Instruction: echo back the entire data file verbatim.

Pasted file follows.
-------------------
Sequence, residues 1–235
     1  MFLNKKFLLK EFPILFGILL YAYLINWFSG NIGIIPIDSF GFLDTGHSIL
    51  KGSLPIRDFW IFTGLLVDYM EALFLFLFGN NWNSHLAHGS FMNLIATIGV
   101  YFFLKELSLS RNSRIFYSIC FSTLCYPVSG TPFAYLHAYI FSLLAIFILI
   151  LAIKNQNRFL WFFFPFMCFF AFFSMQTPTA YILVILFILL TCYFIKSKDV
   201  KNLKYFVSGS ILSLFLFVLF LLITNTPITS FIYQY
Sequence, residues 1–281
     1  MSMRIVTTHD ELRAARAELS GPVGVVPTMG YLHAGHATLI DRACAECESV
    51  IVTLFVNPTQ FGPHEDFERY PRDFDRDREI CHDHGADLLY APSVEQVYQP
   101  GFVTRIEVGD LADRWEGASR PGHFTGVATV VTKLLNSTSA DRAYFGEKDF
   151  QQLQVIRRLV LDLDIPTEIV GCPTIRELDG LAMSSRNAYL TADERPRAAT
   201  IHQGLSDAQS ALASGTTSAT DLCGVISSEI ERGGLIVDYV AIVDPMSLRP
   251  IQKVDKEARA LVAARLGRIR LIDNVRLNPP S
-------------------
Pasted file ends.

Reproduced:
Sequence, residues 1–235
     1  MFLNKKFLLK EFPILFGILL YAYLINWFSG NIGIIPIDSF GFLDTGHSIL
    51  KGSLPIRDFW IFTGLLVDYM EALFLFLFGN NWNSHLAHGS FMNLIATIGV
   101  YFFLKELSLS RNSRIFYSIC FSTLCYPVSG TPFAYLHAYI FSLLAIFILI
   151  LAIKNQNRFL WFFFPFMCFF AFFSMQTPTA YILVILFILL TCYFIKSKDV
   201  KNLKYFVSGS ILSLFLFVLF LLITNTPITS FIYQY
Sequence, residues 1–281
     1  MSMRIVTTHD ELRAARAELS GPVGVVPTMG YLHAGHATLI DRACAECESV
    51  IVTLFVNPTQ FGPHEDFERY PRDFDRDREI CHDHGADLLY APSVEQVYQP
   101  GFVTRIEVGD LADRWEGASR PGHFTGVATV VTKLLNSTSA DRAYFGEKDF
   151  QQLQVIRRLV LDLDIPTEIV GCPTIRELDG LAMSSRNAYL TADERPRAAT
   201  IHQGLSDAQS ALASGTTSAT DLCGVISSEI ERGGLIVDYV AIVDPMSLRP
   251  IQKVDKEARA LVAARLGRIR LIDNVRLNPP S